By Victor Kanayo
After crashing out of the group stage of the ongoing Africa Cup of Nations (AFCON) following an abysmal performance, Gambia National team Coach, Tom Saintfiet has resigned.
Gambia’s ouster was inevitable after they lost their three matches at the group stage of the tournament holding in Cote d’ivoire.
The last straw in the chains of defeats was when they succumbed to Cameroon’s 3-2 bashing on Tuesday night in Group C final clash.
Saintfiet was appointed in 2018 and led the side to the quarter-finals of the 2021 edition of Afcon on their debut.
However, the Belgian could not repeat those heroics in Ivory Coast.
The Gambia were 168th in the world rankings when Saintfiet took charge in July 2018, and the 50-year-old departs after improving their position to 126th.
The Scorpions were the lowest-ranked team at the 2021 finals but beat Mauritania, Tunisia and Guinea on the way to the last eight, where they were beaten 2-0 by hosts Cameroon.
They opened their 2023 Afcon campaign with a 3-0 defeat by defending champions Senegal and then fell to a 1-0 loss against fellow West Africans Guinea.
Saintfiet has coached national sides in four different Fifa confederations and has extensive experience in Africa having previously managed Namibia, Zimbabwe, Ethiopia, Malawi and Togo.
Terenga Lions’ Cruise
Meanwhile, Senegal ended their AFCON 2023 group stage with a 100% record, as they eased past Guinea with a 2-0 win to top Group C.
It has now been established that Nigeria will battle Cameroon in the Round of 16 of the 34th AFCON after the five-time champions edged The Gambia in a see-saw group C finale in Bouake.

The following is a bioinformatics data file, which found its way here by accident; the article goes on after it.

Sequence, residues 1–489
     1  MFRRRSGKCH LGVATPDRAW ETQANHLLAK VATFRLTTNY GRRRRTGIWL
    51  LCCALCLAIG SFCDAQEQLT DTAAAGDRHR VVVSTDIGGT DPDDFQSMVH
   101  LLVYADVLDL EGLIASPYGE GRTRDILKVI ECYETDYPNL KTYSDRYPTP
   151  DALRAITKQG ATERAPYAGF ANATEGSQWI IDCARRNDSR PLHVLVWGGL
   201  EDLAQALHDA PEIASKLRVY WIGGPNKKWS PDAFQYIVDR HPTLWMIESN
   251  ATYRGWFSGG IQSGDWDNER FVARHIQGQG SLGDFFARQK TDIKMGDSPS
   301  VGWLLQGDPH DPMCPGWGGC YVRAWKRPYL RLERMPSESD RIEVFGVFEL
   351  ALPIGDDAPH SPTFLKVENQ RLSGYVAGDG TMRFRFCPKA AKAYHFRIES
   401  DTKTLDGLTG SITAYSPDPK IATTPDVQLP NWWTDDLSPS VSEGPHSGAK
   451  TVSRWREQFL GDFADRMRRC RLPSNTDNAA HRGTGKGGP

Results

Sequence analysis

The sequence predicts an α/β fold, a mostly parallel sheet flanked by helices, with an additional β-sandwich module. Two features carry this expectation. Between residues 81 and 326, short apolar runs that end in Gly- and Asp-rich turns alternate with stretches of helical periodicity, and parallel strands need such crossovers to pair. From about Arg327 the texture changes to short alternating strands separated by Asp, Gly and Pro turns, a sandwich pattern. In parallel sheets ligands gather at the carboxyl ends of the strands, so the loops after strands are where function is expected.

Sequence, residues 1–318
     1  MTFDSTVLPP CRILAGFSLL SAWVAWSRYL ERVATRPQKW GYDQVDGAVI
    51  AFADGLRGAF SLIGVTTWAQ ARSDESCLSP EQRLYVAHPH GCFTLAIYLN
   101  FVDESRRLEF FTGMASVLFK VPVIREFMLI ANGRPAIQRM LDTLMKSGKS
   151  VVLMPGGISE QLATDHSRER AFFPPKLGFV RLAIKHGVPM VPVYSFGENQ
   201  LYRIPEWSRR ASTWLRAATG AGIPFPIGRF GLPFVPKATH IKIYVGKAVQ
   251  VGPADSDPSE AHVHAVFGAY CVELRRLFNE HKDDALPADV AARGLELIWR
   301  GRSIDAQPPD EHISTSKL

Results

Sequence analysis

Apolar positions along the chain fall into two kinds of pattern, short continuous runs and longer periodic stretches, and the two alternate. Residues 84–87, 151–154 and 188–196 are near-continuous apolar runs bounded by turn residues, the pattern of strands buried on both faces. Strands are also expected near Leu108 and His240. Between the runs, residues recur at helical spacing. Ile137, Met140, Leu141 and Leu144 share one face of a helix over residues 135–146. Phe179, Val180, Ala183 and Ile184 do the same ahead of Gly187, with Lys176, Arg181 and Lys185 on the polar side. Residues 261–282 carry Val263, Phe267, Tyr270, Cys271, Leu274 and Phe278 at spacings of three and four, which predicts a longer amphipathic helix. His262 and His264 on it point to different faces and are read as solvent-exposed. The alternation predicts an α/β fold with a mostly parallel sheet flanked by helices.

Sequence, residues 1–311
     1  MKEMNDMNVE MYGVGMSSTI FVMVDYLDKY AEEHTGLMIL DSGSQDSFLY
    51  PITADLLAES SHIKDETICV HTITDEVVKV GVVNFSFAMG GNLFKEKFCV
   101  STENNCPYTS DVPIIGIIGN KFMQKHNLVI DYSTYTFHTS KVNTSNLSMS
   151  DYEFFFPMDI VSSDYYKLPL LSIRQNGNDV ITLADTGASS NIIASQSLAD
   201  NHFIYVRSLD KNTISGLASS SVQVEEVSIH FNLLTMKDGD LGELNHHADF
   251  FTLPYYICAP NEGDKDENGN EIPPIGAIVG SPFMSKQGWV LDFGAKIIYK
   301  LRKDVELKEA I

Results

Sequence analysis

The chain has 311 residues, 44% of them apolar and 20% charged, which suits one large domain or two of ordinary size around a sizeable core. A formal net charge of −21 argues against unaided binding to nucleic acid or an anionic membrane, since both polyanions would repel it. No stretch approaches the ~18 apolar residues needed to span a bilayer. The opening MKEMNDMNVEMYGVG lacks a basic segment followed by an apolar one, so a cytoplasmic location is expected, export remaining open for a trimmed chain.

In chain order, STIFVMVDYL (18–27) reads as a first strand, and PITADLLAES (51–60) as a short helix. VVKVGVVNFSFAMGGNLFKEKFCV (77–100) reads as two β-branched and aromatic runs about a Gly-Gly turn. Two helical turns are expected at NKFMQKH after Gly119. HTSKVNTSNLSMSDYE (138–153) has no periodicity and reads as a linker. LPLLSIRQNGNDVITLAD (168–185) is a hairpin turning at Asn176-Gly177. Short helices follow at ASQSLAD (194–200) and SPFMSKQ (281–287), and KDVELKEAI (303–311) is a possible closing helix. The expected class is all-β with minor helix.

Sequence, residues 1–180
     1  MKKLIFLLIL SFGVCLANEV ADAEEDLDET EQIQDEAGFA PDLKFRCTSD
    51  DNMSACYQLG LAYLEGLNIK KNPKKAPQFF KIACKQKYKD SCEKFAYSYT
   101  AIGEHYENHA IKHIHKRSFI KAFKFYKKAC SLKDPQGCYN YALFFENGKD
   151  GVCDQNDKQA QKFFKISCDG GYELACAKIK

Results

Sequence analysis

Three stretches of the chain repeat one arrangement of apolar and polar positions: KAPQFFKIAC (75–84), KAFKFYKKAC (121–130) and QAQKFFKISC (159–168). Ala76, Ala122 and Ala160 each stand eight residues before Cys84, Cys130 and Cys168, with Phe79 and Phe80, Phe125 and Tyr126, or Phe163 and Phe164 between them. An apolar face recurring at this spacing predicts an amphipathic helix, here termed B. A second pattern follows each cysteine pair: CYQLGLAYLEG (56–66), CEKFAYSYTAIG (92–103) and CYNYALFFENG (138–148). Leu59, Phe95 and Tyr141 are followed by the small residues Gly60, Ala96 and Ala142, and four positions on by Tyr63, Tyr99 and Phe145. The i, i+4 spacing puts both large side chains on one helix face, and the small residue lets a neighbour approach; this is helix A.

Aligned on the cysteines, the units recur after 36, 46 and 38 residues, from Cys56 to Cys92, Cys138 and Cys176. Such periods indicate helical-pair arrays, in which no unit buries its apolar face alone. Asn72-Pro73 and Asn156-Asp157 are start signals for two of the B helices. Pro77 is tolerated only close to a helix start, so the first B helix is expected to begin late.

Between them, continental giants Nigeria and Cameroon have eight Africa Cup of Nations titles, with the Eagles champions of Africa in 1980, 1994 and 2013, while the Lions triumphed in 1984, 1988, 2000, 2002 and 2017.
Eagles, Indomitable Lions Battle In Retrospect
Incidentally, Nigeria was the fall-guy for Cameroon’s first three wins, with the first of those coming right inside the same Stade Félix Houphouët-Boigny in Abidjan that will host Saturday night’s Round of 16 duel.
The Lions won 3-1, despite Nigeria going in front after 10 minutes through Mudashiru Babatunde Lawal.
In 1988, Nigeria felt cheated when Mauritanian referee Idrissa Sarr disallowed a goal by Henry Nwosu in the first half at the Stade Mohamed V in Casablanca. Emmanuel Kunde scored from the spot in the second period to win it for the Lions.
In 2000, as co-hosts, Nigeria fell behind 0-2 in a memorable final with goals from Samuel Eto’o and Patrick Mboma, before Raphael Chukwu Ndukwe and Jay-Jay Okocha restored parity. The Lions went ahead to win 4-3 after a penalty shootout at the National Stadium, Lagos.
The Lions successfully defended their title in Mali two years later, defeating Senegal on penalties inside Bamako’s Stade March 26, and then came from behind to edge Egypt 2-1 in Libreville in 2017.
However, Nigerians will remember with a song in their heart the Super Eagles’ triumph over the Lions in the quarter-finals in Tunisia in 2004, and in the Round of 16 in Egypt in 2019, as well as the 4-0 win over the neighbours in a FIFA World Cup qualifying match in Uyo in 2017 that paved the way for Nigeria’s qualification for Russia 2018.
In Alexandria in 2019, also in the Round of 16, eventual tournament top scorer Odion Ighalo scored two of the goals in a 3-2 win, with midfielder Alex Iwobi netting the winner from a fabulous assist by Ighalo.
Saturday’s encounter will begin at 8pm Cote d’Ivoire time (9pm Nigeria time).